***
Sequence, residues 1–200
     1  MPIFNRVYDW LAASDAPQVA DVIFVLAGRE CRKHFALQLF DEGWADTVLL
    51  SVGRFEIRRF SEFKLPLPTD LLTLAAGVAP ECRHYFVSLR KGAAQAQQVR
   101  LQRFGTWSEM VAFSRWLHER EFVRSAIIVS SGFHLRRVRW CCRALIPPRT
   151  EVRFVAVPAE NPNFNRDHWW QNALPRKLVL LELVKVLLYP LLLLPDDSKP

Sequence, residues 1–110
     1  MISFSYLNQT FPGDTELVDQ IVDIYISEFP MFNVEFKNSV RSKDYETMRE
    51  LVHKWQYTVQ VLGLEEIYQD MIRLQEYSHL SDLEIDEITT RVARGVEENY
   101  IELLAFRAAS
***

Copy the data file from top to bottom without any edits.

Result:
Sequence, residues 1–200
     1  MPIFNRVYDW LAASDAPQVA DVIFVLAGRE CRKHFALQLF DEGWADTVLL
    51  SVGRFEIRRF SEFKLPLPTD LLTLAAGVAP ECRHYFVSLR KGAAQAQQVR
   101  LQRFGTWSEM VAFSRWLHER EFVRSAIIVS SGFHLRRVRW CCRALIPPRT
   151  EVRFVAVPAE NPNFNRDHWW QNALPRKLVL LELVKVLLYP LLLLPDDSKP

Sequence, residues 1–110
     1  MISFSYLNQT FPGDTELVDQ IVDIYISEFP MFNVEFKNSV RSKDYETMRE
    51  LVHKWQYTVQ VLGLEEIYQD MIRLQEYSHL SDLEIDEITT RVARGVEENY
   101  IELLAFRAAS